On December 20th, 2022, the Federal Trade Commission published new guidance regarding claims about the benefits and safety of health-related products: Health Products Compliance Guidance. This guidance replaces the Commission’s previous guidance, Dietary Supplements: An Advertising Guide for Industry, issued in 1998. The new guidance expands the scope to include other health-related products, such as foods, over-the-counter drugs, and devices.
The new guidance first addresses how claims are identified and interpreted. This section discusses the difference between express and implied claims and when to qualify claims. It also discusses how “clear and conspicuous” the qualifying disclosures should be.
For example, the guidance adds examples of what qualifying terms are appropriate. In doing so, the FTC explains that words like “‘promising,’ ‘preliminary,’ ’initial,’ or ‘pilot’” are likely viewed by consumers as “positive product attributes, rather than as substantial disclaimers about the state of the science behind a claim.”
Another example discussed where disclosures may be necessary for interactions with medications. The guidance discussed a botanical sleep aid supplement marketed for “when life’s stresses get you down or you are just too anxious to fall asleep.” The product doesn’t present safety risks when used alone, but if the active compounds use the same metabolic pathway as common prescription medications for anxiety and depression and interfere with the efficacy of those medications, a disclosure may be needed.
The FTC also adds details concerning whether disclosures are considered clear and conspicuous, including that “if the claim requiring a disclosure is made both visually and audibly, the disclosure should be made both visually and audibly.”
In discussing how claims may be substantiated, the FTC emphasizes that the amount and type of substantiation required depends on a litany of factors, including the type of claim and the amount of substantiation that experts in the field believe is reasonable. Indeed, ads referring to a specific level of support, such as referring to a product that has a “clinically tested ingredient” for improving blood flow and increasing endurance, implies that the ingredient was tested and “that the test results prove a benefit for blood flow and endurance.”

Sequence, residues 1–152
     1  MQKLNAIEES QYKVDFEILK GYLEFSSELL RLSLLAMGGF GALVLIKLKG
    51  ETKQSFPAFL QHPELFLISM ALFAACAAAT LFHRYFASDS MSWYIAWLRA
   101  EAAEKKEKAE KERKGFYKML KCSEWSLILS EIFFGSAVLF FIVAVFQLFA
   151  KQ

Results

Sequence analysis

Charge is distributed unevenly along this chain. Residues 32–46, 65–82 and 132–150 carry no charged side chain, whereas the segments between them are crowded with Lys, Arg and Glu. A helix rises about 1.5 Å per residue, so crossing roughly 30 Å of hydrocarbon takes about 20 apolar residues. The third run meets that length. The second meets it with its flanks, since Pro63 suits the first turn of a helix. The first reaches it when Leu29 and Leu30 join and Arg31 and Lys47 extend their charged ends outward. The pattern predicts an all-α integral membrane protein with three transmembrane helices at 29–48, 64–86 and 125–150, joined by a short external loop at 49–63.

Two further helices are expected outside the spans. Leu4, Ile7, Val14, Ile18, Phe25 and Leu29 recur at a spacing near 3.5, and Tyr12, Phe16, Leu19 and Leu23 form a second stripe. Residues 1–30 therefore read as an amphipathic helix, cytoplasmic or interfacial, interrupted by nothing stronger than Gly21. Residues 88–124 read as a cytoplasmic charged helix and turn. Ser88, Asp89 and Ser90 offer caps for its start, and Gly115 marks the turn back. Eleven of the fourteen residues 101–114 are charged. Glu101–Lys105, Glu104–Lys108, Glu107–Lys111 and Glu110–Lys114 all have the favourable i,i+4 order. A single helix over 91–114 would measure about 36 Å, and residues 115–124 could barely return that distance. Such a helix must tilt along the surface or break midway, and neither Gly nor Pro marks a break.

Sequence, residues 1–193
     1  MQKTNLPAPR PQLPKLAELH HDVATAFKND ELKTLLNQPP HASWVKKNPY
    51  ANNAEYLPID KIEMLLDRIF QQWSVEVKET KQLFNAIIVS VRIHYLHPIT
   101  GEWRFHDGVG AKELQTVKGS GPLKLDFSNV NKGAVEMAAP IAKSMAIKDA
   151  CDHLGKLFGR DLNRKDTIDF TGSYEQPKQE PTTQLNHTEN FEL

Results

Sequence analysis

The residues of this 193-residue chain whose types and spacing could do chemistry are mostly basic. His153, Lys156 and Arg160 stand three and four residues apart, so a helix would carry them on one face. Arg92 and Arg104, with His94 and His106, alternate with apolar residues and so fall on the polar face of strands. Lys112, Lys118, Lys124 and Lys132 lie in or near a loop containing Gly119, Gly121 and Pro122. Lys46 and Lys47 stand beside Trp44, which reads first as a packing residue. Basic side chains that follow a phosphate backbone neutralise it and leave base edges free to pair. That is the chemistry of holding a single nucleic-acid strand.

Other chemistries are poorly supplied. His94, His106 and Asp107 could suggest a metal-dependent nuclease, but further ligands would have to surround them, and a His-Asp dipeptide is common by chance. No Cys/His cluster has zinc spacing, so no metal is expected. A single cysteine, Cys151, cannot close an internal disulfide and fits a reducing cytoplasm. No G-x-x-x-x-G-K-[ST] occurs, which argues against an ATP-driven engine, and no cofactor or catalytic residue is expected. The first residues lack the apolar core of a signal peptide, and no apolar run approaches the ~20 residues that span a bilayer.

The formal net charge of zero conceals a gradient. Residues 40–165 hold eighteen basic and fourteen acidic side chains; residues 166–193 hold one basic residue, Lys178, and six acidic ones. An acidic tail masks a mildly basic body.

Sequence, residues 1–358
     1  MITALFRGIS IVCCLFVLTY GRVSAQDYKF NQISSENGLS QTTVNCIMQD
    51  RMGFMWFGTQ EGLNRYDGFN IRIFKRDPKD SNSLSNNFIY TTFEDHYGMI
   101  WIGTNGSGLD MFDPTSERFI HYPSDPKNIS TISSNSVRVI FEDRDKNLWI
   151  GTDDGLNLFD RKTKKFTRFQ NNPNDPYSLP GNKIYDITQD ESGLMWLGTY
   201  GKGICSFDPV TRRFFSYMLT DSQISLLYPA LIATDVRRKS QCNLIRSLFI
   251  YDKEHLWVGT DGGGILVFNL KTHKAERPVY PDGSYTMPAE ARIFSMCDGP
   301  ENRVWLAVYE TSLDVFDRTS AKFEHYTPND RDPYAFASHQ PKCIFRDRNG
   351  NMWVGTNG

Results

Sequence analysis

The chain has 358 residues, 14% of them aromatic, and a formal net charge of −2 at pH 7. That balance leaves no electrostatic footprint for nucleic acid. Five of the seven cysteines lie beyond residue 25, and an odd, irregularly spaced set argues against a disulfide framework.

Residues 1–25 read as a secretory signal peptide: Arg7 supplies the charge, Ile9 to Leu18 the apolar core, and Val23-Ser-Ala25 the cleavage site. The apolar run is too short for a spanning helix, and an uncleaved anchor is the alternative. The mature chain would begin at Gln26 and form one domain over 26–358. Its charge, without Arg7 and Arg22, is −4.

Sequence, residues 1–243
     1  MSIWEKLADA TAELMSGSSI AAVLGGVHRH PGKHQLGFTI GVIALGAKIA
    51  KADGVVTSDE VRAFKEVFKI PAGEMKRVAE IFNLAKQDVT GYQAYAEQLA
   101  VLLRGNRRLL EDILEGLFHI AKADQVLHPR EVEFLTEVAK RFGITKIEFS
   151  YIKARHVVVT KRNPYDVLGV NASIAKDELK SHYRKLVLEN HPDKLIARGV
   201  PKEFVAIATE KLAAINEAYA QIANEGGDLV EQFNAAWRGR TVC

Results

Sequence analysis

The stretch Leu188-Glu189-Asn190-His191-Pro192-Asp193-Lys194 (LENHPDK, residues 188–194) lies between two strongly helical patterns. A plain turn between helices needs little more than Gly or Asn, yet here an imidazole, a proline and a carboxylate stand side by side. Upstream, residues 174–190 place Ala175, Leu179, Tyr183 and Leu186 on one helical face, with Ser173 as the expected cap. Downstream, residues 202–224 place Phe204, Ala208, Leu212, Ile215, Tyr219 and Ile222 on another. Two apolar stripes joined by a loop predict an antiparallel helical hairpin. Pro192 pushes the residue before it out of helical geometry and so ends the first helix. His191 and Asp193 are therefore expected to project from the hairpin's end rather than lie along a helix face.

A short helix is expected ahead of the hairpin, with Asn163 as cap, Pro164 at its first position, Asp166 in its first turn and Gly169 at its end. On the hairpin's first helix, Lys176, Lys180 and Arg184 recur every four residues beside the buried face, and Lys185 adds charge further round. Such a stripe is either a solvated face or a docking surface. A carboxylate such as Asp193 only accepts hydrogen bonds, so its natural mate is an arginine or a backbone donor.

In addition, the FTC expands its description of the appropriate use of randomized controlled clinical trials (RCTs) and explains that “numerous flawed and inadequate studies are unlikely to add up to competent and reliable scientific evidence sufficient to substantiate a claim.” The agency adds that public health recommendations are not “equivalent to a finding that there is a causal link between the recommended course of action and the health benefit.”
The guidance then provides significant detail that expands upon how the quality and totality of evidence should be evaluated in light of its relevance to the specific product and claim. For example, and as the FTC notes in its announcement, the guidance specifically warns against statistical “p-hacking,” where one positive result is pulled from a study that fails to show a treatment effect. The agency still notes that some results that are statistically significant may be “too small to provide real consequences for consumer health.”
Finally, the FTC addresses several other substantiation issues, such as claims based on
- Consumer testimonials and expert endorsements
- The history of a product’s traditional use
- Use of the DSHEA disclaimer
- Mischaracterizations of FDA approval
- Citations to third-party literature
Venable’s team is available to answer any questions that you may have about the FTC’s new Health Products Compliance Guidance and will be providing further insights on this important development in the near future. Please feel free to contact us at any time. For more insights into advertising law, bookmark our All About Advertising Law blog and subscribe to our monthly newslettter.